I met with someone last year, in a social situation, who told me about her struggles with fertility. Her story was one I hear often:

“We were referred to Dr X, but we don’t really know what’s going on or what the tests that she’s doing mean.”

She even told me that she has left Dr X’s rooms in tears feeling like her questions are not answered and Dr X doesn’t understand…

Dr X could be any fertility doctor and this girl could be one of your friends. I talked to her for 10 minutes, was able to guide her to a Fertility Specialist who she is more likely to connect with and she has made an appointment already – I’m confident she will have a better time with the new doctor – we don’t all get along with everyone!

Even if the pathway to being a mum (or maybe a mum again) is a long one, or paved with what sometimes feels like broken glass, having someone walking beside you and supporting you along the way can make all the difference – not only to the journey, but to the outcome as well!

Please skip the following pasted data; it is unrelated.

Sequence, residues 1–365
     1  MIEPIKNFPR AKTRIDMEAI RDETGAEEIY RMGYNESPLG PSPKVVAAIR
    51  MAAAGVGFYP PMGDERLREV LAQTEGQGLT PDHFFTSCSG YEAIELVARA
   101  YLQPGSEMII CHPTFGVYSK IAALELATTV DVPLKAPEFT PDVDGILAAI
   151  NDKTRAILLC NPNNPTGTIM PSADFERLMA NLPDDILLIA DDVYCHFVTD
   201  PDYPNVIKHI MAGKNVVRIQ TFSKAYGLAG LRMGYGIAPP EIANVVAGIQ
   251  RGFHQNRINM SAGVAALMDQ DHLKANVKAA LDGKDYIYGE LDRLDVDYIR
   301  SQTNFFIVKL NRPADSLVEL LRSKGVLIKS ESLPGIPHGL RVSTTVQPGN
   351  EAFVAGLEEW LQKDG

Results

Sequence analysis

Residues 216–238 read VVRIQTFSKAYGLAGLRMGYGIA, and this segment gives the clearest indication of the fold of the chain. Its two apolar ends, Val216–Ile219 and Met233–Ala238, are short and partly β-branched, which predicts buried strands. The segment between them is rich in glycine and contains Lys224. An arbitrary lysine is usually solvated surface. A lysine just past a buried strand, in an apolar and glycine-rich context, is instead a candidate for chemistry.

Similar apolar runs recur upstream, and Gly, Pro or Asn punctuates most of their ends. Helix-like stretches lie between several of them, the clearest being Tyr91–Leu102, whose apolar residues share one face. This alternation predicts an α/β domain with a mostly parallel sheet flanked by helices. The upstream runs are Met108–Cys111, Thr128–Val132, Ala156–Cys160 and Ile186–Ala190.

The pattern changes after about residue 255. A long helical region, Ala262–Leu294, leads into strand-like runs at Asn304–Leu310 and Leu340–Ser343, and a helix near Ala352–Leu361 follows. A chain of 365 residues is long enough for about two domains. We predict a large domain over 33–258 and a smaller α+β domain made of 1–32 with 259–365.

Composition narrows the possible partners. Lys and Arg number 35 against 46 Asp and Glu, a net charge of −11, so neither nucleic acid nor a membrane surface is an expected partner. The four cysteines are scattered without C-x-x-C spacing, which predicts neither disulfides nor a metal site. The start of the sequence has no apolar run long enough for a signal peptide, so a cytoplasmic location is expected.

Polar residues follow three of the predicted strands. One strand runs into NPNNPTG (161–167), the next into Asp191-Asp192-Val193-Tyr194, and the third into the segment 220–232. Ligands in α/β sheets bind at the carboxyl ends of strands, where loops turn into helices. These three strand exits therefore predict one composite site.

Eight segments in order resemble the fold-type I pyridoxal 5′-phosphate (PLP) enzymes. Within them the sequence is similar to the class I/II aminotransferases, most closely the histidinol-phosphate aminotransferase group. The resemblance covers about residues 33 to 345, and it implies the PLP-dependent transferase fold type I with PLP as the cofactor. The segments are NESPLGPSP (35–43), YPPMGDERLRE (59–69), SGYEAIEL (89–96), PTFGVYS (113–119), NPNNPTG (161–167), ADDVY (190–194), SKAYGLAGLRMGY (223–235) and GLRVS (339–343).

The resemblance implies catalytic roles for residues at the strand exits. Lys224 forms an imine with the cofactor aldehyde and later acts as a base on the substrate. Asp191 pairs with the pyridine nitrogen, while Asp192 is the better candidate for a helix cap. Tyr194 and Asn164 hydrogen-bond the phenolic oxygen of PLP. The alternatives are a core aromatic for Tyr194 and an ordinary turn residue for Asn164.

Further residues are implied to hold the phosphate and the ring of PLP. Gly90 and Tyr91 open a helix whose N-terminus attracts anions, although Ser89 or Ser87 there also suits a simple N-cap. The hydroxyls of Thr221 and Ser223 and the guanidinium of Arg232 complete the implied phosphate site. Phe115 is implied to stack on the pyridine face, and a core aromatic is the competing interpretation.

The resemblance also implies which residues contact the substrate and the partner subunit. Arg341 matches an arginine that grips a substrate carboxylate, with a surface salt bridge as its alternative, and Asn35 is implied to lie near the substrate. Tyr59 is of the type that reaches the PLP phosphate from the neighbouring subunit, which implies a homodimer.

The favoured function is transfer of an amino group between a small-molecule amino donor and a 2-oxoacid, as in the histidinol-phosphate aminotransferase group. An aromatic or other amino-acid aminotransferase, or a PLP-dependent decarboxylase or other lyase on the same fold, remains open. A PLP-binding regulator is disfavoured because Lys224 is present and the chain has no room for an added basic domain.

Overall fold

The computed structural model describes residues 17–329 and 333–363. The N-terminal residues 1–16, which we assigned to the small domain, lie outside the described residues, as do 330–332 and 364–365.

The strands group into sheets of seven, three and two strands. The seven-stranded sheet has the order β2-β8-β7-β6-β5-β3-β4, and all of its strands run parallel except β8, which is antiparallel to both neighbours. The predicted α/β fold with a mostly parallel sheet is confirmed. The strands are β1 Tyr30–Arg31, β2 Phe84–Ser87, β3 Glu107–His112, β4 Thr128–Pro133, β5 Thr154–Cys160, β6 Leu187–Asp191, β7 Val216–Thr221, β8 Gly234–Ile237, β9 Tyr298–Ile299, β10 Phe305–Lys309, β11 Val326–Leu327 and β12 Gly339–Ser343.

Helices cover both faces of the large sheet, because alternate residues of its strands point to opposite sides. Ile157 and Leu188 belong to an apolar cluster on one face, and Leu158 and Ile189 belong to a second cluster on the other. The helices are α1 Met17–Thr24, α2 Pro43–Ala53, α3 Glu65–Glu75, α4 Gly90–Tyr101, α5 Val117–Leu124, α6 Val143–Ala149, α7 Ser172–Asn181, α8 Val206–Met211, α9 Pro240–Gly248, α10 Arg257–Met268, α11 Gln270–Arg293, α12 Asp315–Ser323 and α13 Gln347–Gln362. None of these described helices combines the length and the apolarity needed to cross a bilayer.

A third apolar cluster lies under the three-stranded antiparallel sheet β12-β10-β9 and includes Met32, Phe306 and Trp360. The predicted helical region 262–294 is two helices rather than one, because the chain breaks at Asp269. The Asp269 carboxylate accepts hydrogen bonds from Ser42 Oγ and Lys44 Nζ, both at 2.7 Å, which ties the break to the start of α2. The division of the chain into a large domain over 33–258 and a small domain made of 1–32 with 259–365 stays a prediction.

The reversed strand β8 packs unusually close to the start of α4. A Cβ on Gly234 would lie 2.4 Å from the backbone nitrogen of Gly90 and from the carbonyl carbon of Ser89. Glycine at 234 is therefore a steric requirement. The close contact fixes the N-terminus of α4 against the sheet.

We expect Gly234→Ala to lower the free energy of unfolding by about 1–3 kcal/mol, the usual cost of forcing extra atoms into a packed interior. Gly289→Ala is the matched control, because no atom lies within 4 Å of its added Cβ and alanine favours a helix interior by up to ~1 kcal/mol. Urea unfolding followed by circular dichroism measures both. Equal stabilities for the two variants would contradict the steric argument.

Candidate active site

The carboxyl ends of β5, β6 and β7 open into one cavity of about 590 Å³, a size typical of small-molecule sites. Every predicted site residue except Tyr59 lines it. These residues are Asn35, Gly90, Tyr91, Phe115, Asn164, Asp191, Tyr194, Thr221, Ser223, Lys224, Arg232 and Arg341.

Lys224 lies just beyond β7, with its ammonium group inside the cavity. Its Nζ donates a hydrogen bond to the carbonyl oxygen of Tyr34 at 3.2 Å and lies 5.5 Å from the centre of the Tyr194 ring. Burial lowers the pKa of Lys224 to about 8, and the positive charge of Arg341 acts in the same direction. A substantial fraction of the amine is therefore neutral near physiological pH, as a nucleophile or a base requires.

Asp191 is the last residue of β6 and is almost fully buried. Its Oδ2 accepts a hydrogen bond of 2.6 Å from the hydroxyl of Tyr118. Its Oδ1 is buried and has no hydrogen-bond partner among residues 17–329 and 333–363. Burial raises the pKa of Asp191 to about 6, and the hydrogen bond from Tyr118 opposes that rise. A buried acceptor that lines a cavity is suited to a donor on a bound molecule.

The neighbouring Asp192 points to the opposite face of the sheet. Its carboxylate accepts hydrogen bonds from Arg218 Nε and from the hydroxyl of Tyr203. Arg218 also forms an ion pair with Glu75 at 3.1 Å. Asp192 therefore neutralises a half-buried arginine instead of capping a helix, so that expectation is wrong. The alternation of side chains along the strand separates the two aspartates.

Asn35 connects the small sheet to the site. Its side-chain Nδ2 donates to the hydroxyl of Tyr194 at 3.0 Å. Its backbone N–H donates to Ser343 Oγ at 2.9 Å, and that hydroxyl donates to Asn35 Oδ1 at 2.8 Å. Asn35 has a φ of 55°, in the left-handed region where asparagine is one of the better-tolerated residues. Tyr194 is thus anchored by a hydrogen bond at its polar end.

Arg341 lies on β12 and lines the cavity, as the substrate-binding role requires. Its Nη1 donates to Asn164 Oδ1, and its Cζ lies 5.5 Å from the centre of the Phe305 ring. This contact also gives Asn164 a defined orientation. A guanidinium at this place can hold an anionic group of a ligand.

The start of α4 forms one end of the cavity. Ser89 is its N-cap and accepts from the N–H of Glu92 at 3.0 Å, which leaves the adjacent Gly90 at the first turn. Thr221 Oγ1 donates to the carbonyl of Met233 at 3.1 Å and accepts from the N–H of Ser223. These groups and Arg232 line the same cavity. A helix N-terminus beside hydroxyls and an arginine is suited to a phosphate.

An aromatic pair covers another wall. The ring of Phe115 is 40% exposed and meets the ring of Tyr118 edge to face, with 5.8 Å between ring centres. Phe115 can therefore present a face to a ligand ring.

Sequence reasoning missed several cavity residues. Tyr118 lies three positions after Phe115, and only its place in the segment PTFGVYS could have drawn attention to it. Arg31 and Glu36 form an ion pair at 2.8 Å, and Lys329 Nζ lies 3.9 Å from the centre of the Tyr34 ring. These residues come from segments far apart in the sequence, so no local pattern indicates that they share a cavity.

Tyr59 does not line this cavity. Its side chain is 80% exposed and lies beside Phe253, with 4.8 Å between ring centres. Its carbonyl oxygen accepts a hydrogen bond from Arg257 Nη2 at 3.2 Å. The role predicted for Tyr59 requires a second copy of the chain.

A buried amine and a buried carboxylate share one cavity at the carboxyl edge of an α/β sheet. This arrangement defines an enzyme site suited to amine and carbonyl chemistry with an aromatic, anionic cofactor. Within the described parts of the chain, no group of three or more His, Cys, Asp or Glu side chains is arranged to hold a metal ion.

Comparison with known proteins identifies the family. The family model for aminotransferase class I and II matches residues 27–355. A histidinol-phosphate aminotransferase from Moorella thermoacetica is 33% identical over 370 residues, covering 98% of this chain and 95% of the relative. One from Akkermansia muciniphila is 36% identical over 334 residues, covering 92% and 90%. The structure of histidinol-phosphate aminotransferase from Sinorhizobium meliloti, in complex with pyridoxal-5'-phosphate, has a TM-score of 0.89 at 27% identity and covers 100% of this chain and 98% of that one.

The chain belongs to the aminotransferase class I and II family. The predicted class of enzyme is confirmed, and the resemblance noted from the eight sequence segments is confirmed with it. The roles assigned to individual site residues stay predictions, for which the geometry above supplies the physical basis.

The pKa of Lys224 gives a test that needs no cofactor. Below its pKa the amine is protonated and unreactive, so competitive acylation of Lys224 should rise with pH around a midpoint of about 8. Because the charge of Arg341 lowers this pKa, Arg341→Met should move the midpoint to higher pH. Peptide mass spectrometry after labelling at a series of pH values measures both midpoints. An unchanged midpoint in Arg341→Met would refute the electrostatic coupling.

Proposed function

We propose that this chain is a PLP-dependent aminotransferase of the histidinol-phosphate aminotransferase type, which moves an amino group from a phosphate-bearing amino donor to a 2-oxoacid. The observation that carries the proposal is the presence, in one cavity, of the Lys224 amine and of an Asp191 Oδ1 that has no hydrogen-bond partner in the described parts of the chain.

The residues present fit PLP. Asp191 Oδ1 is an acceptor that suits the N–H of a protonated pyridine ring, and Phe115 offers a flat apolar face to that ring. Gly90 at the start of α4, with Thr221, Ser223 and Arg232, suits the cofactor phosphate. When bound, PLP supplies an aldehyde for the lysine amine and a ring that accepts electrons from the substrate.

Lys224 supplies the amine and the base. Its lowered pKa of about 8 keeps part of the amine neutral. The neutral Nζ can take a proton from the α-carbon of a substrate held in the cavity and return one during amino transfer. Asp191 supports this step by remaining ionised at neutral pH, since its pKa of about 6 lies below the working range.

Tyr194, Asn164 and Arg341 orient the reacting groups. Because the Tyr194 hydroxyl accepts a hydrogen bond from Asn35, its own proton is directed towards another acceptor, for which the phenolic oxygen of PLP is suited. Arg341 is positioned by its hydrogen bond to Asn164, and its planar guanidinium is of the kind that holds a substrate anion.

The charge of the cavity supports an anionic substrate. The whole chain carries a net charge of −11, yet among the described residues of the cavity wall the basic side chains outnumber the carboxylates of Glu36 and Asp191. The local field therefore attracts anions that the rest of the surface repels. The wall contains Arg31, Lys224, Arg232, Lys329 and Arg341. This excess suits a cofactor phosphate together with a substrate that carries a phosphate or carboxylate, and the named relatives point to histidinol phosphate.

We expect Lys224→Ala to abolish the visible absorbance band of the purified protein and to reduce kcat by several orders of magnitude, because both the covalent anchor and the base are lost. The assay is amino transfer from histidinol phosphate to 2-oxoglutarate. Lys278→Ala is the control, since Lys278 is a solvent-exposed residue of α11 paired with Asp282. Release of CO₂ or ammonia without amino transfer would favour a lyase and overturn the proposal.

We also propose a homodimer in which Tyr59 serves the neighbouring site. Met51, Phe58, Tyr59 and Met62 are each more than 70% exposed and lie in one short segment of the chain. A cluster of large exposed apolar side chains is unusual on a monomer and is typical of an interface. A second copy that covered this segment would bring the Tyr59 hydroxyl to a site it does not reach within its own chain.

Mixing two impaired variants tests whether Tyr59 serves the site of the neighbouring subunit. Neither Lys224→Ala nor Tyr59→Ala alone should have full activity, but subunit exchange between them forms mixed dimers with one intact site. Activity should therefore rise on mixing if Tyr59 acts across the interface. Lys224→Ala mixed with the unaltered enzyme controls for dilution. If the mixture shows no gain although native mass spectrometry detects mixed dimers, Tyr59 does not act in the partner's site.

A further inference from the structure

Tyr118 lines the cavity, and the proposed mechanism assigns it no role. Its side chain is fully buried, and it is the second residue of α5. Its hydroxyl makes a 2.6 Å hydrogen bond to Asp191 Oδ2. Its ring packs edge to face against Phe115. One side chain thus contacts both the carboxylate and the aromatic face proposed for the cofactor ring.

So here are 5 questions to ask yourself (and anyone advising you who to see):

1. Do I want a male or female specialist?

2. Do I want my specialist to have other areas of specialisation as well? (obstetrics for example)

3. Can I travel to see my specialist? Does it matter where they consult? (city, suburbs)

4. Would I prefer a specialist who tries new things all the time – even if they are not yet ‘proven’ by the scientific research

5. Would I prefer a ‘touchy-feely’ type? Or a more ‘straight up and to the point’ type?

Then of course there is the big one: how quickly do I want to go to IVF? Might you feel rushed if your doctor suggests you start IVF next month? Do you just want to get into it? Or investigate other options first?